CCTer Becky White presents at STGlobal, talks about her research

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CCTer Becky White presents at STGlobal, talks about her research

Talk about your studies at CCT. How have they evolved? What opportunities have you found?

At CCT, I set out to investigate polarization of views and extremism online, along with the technologies that exacerbate or help bridge those divides. I’ve refined that over my time here to focus on Artificial Intelligence (AI), accountability, and public policy. My current research project involves mapping out the life cycle of machine learning classification systems and identifying the possible points for intervention to help make sure these systems work for all members of society. 


Thanks to CCT, I’m a research assistant on Professor Owen’s James Madison Legacy Project team. I help with data collection and analysis for this three-year, U.S.-wide project about civic education. I also got to try my hand at radio storytelling, something I’ve always wanted to do, thanks to Georgetown Forum Radio and Professors Barba and Osborn.

Tell us about your recent presentation at the STGlobal conference. What have you learned from presenting at academic conferences?

At the STGlobal conference in March, I presented on research I did last semester about natural language processing (NLP), extremist speech, and intent. Natural language processing, or computational linguistics, uses computer code to model the languages that humans grow up speaking so machines can interpret them. Governments and companies are using NLP tools to identify and filter content online. I looked at the use of these tools to classify text according to whether it can be considered extremist or not, very generally speaking. At STGlobal, I discussed the limits of those tools and some of the challenges presented by their use.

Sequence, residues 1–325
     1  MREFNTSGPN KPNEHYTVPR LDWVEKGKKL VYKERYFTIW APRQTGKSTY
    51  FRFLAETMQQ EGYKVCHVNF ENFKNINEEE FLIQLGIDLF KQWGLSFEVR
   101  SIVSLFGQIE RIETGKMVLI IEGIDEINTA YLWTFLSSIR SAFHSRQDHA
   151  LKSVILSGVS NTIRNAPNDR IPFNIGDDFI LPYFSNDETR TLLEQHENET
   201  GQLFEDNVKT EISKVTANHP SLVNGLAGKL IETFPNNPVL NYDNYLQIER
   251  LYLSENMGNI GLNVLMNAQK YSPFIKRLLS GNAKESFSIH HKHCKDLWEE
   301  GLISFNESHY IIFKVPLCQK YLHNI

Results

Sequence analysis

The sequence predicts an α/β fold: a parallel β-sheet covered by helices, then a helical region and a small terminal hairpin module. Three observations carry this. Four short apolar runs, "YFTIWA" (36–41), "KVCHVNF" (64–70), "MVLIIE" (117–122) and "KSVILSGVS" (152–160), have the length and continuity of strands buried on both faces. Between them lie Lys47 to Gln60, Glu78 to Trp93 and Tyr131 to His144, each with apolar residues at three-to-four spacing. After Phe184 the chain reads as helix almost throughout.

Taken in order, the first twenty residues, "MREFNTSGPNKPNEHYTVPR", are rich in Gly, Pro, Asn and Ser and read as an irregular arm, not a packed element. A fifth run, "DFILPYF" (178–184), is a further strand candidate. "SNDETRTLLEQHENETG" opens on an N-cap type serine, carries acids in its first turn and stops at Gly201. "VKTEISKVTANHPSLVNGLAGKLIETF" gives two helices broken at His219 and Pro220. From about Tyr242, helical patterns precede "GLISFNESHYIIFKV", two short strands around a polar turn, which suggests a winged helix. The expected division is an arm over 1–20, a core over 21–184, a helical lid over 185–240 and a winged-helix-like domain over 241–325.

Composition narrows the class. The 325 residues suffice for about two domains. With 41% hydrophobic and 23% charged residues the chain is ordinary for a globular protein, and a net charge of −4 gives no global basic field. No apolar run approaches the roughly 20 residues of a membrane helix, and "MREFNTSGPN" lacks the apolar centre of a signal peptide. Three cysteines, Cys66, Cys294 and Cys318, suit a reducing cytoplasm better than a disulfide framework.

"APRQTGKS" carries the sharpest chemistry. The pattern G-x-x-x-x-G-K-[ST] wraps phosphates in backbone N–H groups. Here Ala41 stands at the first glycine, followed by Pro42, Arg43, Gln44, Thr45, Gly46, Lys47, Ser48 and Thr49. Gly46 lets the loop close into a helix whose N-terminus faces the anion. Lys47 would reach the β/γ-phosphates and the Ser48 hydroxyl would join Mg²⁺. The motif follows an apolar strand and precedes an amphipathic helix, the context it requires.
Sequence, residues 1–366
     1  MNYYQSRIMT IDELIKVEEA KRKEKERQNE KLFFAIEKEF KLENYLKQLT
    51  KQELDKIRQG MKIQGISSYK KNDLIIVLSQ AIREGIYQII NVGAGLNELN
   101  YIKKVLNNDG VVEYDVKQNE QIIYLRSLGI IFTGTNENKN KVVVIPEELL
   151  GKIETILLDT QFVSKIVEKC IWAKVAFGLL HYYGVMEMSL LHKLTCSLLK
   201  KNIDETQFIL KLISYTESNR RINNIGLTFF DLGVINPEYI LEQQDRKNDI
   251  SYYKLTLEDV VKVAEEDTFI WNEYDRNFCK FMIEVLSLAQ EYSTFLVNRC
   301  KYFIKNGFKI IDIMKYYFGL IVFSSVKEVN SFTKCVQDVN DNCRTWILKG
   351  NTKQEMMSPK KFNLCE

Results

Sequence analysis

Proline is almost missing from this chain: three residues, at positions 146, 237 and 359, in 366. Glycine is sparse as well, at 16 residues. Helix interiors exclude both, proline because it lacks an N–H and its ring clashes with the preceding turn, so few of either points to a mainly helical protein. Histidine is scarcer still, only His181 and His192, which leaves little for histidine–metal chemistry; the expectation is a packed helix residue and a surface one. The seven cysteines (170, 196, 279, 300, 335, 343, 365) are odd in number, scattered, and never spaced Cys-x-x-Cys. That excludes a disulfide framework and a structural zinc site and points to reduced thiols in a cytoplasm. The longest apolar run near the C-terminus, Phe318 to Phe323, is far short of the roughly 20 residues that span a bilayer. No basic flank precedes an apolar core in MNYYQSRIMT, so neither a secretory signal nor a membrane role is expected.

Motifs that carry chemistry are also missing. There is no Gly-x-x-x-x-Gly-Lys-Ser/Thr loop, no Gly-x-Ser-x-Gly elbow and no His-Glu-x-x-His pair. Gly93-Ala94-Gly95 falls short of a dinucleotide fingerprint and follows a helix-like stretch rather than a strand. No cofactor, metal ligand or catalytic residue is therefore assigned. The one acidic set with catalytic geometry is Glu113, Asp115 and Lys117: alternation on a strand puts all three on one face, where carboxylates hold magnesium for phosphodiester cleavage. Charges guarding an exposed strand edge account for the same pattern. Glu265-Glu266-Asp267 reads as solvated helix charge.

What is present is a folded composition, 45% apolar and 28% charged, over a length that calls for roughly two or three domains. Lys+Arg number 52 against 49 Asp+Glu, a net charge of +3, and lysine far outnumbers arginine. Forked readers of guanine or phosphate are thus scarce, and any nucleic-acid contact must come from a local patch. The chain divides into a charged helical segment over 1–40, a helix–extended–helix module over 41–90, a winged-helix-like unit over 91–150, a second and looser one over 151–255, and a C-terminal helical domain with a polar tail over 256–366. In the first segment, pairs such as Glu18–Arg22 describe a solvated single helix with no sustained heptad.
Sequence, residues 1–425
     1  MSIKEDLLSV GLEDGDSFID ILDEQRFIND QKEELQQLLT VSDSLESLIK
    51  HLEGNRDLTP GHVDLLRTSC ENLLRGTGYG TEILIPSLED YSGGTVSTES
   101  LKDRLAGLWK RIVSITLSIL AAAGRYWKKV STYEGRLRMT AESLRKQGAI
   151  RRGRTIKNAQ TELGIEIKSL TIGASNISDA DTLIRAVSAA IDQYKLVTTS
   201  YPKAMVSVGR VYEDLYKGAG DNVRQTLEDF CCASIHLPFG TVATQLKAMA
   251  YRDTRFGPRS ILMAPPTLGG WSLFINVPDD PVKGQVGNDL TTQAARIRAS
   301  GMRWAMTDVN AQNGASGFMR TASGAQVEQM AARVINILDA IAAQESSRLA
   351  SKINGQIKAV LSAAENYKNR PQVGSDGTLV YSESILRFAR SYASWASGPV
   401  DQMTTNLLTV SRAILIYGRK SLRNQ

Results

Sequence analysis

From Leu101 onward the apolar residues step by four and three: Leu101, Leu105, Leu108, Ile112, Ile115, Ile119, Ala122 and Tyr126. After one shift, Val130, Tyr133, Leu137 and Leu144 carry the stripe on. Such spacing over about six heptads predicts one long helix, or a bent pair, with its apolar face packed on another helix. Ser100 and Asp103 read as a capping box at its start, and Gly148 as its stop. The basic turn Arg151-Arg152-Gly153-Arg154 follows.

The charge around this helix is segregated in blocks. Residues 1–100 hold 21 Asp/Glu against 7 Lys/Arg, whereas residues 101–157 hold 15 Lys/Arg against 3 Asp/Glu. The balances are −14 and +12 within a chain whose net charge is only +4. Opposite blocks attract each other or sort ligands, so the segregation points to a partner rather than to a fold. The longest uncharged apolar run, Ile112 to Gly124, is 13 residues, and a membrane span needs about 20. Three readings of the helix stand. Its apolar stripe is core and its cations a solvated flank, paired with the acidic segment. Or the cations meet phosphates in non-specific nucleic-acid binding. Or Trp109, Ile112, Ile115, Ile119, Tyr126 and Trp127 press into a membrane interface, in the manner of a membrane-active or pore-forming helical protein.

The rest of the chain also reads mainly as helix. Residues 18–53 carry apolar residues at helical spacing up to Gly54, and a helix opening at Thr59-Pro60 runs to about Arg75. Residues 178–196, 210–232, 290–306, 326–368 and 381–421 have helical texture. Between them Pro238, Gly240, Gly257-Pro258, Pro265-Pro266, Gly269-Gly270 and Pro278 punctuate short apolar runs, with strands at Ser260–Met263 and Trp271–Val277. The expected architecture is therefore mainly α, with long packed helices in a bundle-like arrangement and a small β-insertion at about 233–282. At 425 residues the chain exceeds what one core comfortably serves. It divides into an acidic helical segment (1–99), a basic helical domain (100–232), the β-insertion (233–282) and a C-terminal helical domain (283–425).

I don’t plan to continue in academia after graduation, but I still got a lot out of the conference experience. It was a terrific opportunity to get external feedback on my research, including from computer scientists. It also gave me a chance to practice communicating complicated topics to a generalist audience—the attendees all focused on science and technology broadly speaking, but their specific areas of expertise varied widely.

Where do you hope your research and studies will take you, and what would be your ideal job in the future? 

I’m exploring two paths for life following graduation. One is in the public policy space—working for organizations that collaborate with the various forces interested in accountable AI to help develop standards and best practices, educate stakeholders, and generally solve problems. The other is with companies that are developing machine learning technology—working as part of project teams that are building accountable systems.